Introduction: Ladder Pony
Make a cart that can be used to haul tools and materials up an extension ladder to a roof, loft, balcony, or upper window of a building or to the deck of a keeled sailboat that is propped up on dry land. Note that some of the accompanying photos were staged for clarity of photographing, so not all safety precautions may be in evidence that would be in place during actual hauling of a load up a ladder.
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Step 1: Going Up!
This view shows details of the pony's lower construction. It is basically a three-legged chair, the third leg attached to the middle of the underside of the load platform ("seat"). The lower axle is positioned so that the plywood disks attached to the wheels are below the lower side of the load platform so long cargo objects can lay across the platform without interfering with the wheels. I made my pony's siderails 36" long from 2" by 3" wood (actual 1-1/2" by 2-1/2") sold at home centers as "studs." The lengths of the other components depend upon the distance between the side rails of your ladder. I connected the wood frame members together using wood glue and deck screws. My load platform is an 18" square of 1/2" thick plywood whose corners are notched out to clear the side rails, and glue and drywall screws fasten it. A couple small wood cleats were screwed to the back of the platform to restrain the bottom of a 5-gallon plastic bucket.
I chose 7" diameter plastic non-pneumatic lawn mower wheels running on two 1/2" steel axles secured with washers and push-on nuts. I made the 9" diameter wood wheel disks from 1/4" thick plywood fastened directly onto the sides of the wheels with drywall screws. A 45-degree chamfer on the inside of the outer rims of the disks keep them from riding up onto the ladder siderails.
Photo show details of the bracing underneath the load platform and attachment of the front, third leg.
Step 2: Ramps Transistion Pony Between Ladder Sections
Small plywood 30-degree ramps, having the same thickness as the ladder siderails, allow the pony's wheels to smoothly transition from one ladder section to the other. Ramps replace plastic caps on the top ends of side rails of the ladder's lower section whenever the pony is to be used.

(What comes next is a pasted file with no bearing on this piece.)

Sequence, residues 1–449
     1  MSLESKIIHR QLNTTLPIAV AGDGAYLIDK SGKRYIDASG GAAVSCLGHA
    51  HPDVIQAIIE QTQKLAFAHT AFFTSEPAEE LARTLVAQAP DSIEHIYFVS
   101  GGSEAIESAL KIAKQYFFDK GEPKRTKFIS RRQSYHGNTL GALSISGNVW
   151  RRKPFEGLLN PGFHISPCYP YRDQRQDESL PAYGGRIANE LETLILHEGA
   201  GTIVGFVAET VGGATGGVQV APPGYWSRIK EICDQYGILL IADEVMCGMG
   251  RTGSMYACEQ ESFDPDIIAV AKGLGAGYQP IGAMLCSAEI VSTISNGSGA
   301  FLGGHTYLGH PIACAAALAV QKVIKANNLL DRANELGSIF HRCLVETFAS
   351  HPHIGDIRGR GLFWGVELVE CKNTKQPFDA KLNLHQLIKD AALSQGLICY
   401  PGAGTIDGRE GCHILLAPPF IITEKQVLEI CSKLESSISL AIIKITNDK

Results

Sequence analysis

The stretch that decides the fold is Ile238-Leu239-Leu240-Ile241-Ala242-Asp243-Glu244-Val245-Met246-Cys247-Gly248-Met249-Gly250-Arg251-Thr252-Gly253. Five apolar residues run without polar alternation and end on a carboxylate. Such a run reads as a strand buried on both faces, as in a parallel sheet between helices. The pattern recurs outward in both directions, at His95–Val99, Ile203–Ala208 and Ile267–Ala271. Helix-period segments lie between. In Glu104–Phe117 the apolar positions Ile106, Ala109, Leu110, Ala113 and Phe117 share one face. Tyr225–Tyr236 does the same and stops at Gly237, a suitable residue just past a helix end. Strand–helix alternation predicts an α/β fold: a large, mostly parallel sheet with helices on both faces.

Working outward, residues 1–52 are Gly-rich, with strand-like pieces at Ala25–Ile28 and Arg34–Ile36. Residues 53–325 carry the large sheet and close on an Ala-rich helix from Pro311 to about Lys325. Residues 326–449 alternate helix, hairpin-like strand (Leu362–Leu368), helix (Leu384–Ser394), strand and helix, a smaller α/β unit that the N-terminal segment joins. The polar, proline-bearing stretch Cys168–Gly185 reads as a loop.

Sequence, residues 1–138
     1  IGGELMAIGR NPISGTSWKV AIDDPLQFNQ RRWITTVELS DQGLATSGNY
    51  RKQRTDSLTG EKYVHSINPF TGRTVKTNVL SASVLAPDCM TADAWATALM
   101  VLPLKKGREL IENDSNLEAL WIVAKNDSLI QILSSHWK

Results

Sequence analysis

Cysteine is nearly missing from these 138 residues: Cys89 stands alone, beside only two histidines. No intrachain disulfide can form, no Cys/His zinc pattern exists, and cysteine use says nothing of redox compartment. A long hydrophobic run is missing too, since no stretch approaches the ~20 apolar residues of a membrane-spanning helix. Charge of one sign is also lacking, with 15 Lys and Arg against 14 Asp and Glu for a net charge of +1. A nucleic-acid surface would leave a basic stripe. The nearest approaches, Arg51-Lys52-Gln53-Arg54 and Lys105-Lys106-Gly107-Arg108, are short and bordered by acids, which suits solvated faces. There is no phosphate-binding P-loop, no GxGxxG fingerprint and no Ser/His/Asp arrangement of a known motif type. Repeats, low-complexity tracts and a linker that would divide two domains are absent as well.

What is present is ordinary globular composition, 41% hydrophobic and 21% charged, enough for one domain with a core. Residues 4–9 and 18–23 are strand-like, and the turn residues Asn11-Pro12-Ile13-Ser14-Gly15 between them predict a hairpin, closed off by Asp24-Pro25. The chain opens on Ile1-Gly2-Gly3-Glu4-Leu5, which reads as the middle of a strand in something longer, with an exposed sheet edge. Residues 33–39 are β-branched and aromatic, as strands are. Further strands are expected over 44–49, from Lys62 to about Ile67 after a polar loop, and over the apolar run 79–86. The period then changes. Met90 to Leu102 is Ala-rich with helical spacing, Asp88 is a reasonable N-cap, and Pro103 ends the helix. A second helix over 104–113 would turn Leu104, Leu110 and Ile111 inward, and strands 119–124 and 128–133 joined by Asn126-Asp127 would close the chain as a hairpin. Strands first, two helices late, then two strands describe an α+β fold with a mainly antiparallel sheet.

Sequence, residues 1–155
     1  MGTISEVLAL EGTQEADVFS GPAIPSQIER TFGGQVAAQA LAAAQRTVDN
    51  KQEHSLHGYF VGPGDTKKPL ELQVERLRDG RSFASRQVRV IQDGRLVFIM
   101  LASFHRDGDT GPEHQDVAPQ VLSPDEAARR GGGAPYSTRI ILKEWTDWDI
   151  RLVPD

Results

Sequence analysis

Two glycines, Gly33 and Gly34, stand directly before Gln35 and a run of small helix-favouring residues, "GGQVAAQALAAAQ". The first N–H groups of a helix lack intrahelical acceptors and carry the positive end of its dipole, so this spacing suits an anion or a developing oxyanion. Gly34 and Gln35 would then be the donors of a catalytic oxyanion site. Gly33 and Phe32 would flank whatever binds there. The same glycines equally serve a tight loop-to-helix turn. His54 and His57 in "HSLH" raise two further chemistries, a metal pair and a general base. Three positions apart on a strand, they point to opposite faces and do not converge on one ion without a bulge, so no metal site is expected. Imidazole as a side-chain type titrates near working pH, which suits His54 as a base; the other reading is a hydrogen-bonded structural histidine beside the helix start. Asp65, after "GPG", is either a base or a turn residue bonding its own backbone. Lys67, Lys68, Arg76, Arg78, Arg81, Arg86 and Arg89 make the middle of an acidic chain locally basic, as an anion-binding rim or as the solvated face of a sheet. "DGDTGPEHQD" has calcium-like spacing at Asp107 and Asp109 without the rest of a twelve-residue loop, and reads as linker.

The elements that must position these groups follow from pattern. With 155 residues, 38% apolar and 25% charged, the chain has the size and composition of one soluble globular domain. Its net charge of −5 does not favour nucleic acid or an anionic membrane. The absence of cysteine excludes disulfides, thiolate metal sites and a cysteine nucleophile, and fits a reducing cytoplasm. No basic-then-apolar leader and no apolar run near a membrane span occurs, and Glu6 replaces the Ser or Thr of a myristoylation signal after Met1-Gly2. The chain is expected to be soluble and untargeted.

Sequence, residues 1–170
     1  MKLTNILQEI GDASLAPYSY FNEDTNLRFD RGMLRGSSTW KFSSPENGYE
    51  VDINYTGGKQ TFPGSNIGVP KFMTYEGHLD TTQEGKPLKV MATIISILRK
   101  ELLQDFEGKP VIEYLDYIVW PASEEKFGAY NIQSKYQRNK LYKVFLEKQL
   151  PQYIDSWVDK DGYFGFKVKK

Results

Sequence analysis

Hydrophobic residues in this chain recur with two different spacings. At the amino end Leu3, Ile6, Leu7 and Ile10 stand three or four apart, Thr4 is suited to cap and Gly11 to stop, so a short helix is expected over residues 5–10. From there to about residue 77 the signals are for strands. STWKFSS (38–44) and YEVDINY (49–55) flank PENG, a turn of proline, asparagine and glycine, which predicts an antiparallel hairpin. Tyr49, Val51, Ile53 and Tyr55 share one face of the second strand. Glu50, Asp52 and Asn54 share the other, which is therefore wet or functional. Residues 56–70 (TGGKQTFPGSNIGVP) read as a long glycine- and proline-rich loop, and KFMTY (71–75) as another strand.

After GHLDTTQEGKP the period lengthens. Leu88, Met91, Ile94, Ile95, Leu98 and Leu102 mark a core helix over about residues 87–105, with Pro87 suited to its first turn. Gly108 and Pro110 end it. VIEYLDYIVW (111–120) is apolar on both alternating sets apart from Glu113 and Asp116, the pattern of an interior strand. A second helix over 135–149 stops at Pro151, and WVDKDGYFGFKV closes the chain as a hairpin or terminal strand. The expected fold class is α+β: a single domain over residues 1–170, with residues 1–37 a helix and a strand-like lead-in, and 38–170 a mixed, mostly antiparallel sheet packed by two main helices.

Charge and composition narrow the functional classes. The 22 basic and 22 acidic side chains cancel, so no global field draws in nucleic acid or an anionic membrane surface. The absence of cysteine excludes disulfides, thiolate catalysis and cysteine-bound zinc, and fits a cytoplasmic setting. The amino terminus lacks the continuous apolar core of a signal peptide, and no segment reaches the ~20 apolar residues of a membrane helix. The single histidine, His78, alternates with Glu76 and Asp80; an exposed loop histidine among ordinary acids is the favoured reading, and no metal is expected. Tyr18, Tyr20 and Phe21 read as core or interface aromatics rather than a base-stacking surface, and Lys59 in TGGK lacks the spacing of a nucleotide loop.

Step 3: Clips Steady Ladder Feet
Homemade wire clips slipped through deck board cracks secure light ropes that prevent ladder feet from kicking out. If ladder rests on the ground, ladder feet can be put into shallow holes to keep them from moving.
Step 4: Snap Clips Secure Top of Ladder
Short ropes and clips snapped to heavy screw eyes prevent the top of my ladder from sliding sideways when I haul tools and materials up to my roof. Ropes are slack when first snapped in place but tighten when the bottom of the ladder is moved away from the house. The ladder ends up with its feet farther away from the house than is recommended for safe use, and that is why I take pains to secure the top and bottom of the ladder. The wide angle of the ladder allows less effort to pull up the loaded pony. Rope for hauling up the ladder is tied to the top rung, run down through a pully mounted on top of the pony, then back up to the top of the ladder and through the pully bolted to the top rung. Pulley allows pony to be raised and lowered either by someone standing below, or by someone above, on the roof, but back away from the edge.
Step 5: Pulley and Cleat Bolted to Top Ladder Rung
The hauling pulley and a cleat for tying off the hauling rope are bolted through the top rung of the ladder. They do not interfere with normal operation of the ladder so are left in place all the time.
Step 6: Pony Ready to Be Loaded
Pony sits level while bucket of material or tools or other things are loaded onto its load platform. Loaded pony is then tilted back against ladder, operator steps up over pony, climbs up ladder, then hauls up pony. Pulley attached to top of pony halves the amount of effort needed on the pulling rope. I chose 3/8-inch nylon rope, even though the weight of the load does not require it, because it is easier to grip.
This project was originally described in an article I had published in 15 Nov 2002 issue of MESSING ABOUT IN BOATS magazine.